University Press, 1997], 176).
71
Gert J. Steyn
The role of the ‘sacred Scriptures’ being sacred and authoritative, on the one hand,
and as additional sources to oral tradition, on the other hand, became clear from Philo’s
numerous references throughout the two-volume Vita Mosis.
i.
He would often refer to the Scriptures as ‘sacred’ (ἱερóς)12 or as ‘sayings’ (λóγια)13 and
would use it with the implied assumption that it is divinely inspired. He states for instance
with regard to Moses: ‘…if he had not had these principles innate within him he would
never have compiled those scriptures at the promptings of God’ (εἰ μὴ τοιοῦτος ἐπεφύκει,
συνέγραψεν ὑφηγησαμένου θεοῦ, Vit. Mos. 2.11) and that ‘all the things which are written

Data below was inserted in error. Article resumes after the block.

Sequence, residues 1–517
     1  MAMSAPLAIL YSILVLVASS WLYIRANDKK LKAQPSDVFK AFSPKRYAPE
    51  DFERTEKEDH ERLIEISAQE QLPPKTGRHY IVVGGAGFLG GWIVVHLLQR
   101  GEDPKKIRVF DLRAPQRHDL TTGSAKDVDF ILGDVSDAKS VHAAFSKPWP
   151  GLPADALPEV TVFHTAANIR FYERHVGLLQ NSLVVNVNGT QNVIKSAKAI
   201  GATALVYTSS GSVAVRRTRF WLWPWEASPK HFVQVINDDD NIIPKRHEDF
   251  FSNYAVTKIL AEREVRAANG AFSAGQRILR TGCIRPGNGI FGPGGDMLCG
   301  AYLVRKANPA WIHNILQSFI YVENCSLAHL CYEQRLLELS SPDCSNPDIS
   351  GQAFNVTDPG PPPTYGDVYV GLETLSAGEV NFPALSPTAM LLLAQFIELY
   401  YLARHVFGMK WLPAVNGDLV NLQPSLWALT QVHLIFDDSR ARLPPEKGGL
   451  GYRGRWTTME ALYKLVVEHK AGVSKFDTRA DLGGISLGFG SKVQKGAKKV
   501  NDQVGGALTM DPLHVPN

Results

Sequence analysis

inthesacredbooksareoraclesdeliveredbyhim’(ὡςπάντʼεἰσὶχρησμοί,ὅσαἐνταῖςἱεραῖς
βίβλοις ἀναγέγραπται, χρησθέντες διʼ αὐτοῦ, Vit. Mos. 2.188). Philo, furthermore, refers
to Moses’ ‘own holy writings’ (αἱ ἱερώταται βίβλοι, Vit. Mos. 2.45), to ‘those well versed
in the sacred scriptures’(οἱ ταῖς ἱεραῖς βίβλοις ἐντυγχάνοντες, Vit. Mos. 2.11) and to those
who ‘having taken the sacred scriptures, lifted them up and their hands also to heaven’14
(καὶτὰςἱερὰςβίβλουςλαβόντεςἀνατείνουσινἅμʼαὐταῖςκαὶτὰςχεῖραςεἰςοὐρανόν,Vit.
Mos. 2.36).
ii.
References in this regard would often be in the plural, ‘Scriptures’ (βίβλοι, λόγια), but
sometimes also in the singular (γραφή, λόγος).
iii. He would, furthermore, refer to the formulation and terminology used in the Scriptures
during his exposition of the events he describes.
iv. There are hardly any explicit quotations to be found in the Vita Mosis and those that are
posed in the Cohn-Wendland edition as explicit quotations are actually references or